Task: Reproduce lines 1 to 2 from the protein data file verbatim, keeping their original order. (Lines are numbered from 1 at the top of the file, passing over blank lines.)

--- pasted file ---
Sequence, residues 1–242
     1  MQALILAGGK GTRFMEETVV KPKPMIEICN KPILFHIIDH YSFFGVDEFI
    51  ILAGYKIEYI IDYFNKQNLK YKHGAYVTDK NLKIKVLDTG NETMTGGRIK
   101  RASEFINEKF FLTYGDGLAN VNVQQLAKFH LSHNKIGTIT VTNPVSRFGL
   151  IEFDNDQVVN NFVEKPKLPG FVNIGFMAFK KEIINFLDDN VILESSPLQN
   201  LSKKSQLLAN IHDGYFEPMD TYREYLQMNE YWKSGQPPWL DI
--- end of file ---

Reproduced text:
Sequence, residues 1–242
     1  MQALILAGGK GTRFMEETVV KPKPMIEICN KPILFHIIDH YSFFGVDEFI